THE SENSE of entitlement of our country’s public employees knows no bounds, as the current dispute of their unions with the ministry of finance over pensions has, not for the first time, illustrated. They act as if their privileged treatment, in relation to the rest of the working population, is an inalienable right, written in stone. This is primarily because the political system never dares stand up to the public sector unions for fear of losing votes, thus feeding their arrogance.
The dispute centres on the government’s decision to change the pension scheme, for public sector workers hired after 2013, by rationalising it and introducing the concept of worker’s monthly contribution, which did not exist in the public sector. All public sector unions are resisting the change and have been considering ‘dynamic measures’ as a way of pressuring the government to scrap its decision and revert to the old regime.
Speaking about the issue on Trito radio on Friday, the head of the secondary teachers’ union had the audacity at one point to say that public employees’ pensions – because of cuts, the new calculation method, or both – would not allow them a ‘dignified’ retirement. Even the presenter was shocked by the selfishness of the union boss, asking him whether he thought the majority of retirees that received much lower pensions than public employees deserved an undignified life in retirement?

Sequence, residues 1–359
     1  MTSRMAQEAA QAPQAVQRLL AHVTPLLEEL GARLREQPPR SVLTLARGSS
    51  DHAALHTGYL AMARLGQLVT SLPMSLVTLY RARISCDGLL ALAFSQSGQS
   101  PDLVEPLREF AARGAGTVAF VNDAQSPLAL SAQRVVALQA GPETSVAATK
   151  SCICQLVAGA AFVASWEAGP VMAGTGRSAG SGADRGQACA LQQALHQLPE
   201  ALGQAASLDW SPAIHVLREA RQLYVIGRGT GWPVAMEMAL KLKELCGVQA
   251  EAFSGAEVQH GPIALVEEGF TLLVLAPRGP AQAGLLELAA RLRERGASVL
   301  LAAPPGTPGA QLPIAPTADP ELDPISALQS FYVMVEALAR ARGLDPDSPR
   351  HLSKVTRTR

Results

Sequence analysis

His response was that everyone deserved a dignified retirement, not going into the details of how this could be achieved or whether his union would be prepared to take dynamic measures for it. The reality is that the public sector aristocracy has never given a hoot about the private sector workers, fully aware that state cannot afford to pay everyone the unjustifiably high pensions enjoyed by public employees, unless it wants to bankrupt itself.
Nobody ever addresses the trade-off of having a public employee enjoying a host of privileges which apart from being unheard of for workers in the real economy, deprive the state of funds for making the lives of the while population better. Until the introduction of Gesy, public employees were the only highly-paid workers entitled to free healthcare without contributing a cent. Even after the pension cuts imposed by the government in 2013, which have been challenged in the courts, they still received by far the highest pensions, two to three times as high as other private sector retirees and much higher than the average wage.
It is not a dignified retirement these people are defending but their provocative privileges and the special treatment by the state which makes a complete mockery of idea that our state treats all citizens equally.